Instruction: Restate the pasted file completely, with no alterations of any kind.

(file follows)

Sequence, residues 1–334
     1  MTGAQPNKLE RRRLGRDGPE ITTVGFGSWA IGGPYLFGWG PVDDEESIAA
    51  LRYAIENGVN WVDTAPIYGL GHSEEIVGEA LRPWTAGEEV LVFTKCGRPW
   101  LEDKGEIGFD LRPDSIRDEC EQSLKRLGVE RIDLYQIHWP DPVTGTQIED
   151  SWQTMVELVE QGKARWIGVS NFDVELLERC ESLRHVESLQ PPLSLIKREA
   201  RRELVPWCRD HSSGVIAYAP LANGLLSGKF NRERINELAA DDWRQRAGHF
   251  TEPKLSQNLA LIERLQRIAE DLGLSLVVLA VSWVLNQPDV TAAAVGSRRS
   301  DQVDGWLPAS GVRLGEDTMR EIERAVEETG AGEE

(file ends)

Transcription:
Sequence, residues 1–334
     1  MTGAQPNKLE RRRLGRDGPE ITTVGFGSWA IGGPYLFGWG PVDDEESIAA
    51  LRYAIENGVN WVDTAPIYGL GHSEEIVGEA LRPWTAGEEV LVFTKCGRPW
   101  LEDKGEIGFD LRPDSIRDEC EQSLKRLGVE RIDLYQIHWP DPVTGTQIED
   151  SWQTMVELVE QGKARWIGVS NFDVELLERC ESLRHVESLQ PPLSLIKREA
   201  RRELVPWCRD HSSGVIAYAP LANGLLSGKF NRERINELAA DDWRQRAGHF
   251  TEPKLSQNLA LIERLQRIAE DLGLSLVVLA VSWVLNQPDV TAAAVGSRRS
   301  DQVDGWLPAS GVRLGEDTMR EIERAVEETG AGEE